Election Lawsuit Avoided in Cuyahoga County

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CLEVELAND -- On the day after her team counted the ballots, the Elections Board Director says she had just the type of problems she hoped for yesterday.

Small.

Jane Platten says there is no such thing as a perfectly run election, but the key is to react quickly so that small problems don't become big ones.

"You have things that come up every election, and you have to immediately figure out how to fix small problems. Thankfully, yesterday, nothing went beyond 'small.'"

Those problems included a few scanners that jammed and a few precincts that ran out of provisional ballot envelopes late in the day.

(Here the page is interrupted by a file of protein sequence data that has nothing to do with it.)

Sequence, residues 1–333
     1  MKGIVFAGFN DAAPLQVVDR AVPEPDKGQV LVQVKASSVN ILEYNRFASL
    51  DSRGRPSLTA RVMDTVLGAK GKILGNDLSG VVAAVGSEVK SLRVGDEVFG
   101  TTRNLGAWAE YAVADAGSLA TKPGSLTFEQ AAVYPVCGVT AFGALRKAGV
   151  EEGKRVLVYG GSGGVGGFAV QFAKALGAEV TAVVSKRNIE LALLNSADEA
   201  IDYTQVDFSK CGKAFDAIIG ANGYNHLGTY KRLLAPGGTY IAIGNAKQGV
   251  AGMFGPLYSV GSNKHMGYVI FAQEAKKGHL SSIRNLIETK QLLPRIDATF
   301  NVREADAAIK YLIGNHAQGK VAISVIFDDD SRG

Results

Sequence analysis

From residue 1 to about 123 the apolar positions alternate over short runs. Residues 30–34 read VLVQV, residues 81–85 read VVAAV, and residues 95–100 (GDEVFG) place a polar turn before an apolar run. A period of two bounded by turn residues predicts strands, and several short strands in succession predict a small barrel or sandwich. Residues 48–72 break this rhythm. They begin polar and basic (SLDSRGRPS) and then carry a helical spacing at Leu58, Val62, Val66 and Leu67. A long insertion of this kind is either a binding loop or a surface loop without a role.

Both issues were quickly fixed.

It looked for awhile like a big problem could develop.

Platten says the Obama campaign was considering a lawsuit because it said hundreds of people were being made to vote a provisional ballot when they should have been given a regular ballot.

A provisional ballot, normally given when a voter has changed their name or address and hasn't notified the elections board, isn't counted until later and can be challenged.

The threat of the suit evaporated after it was determined that the number of voters in question was actually very small.

There were some lines in Cuyahoga County yesterday, but they weren't as long as in past years or in other states.

And that's because 260,000 people voted early - meaning only 355,000 people actually went to the polls in the county on Election Day.

Voter turnout was down slightly compared to the 2008 presidential race.

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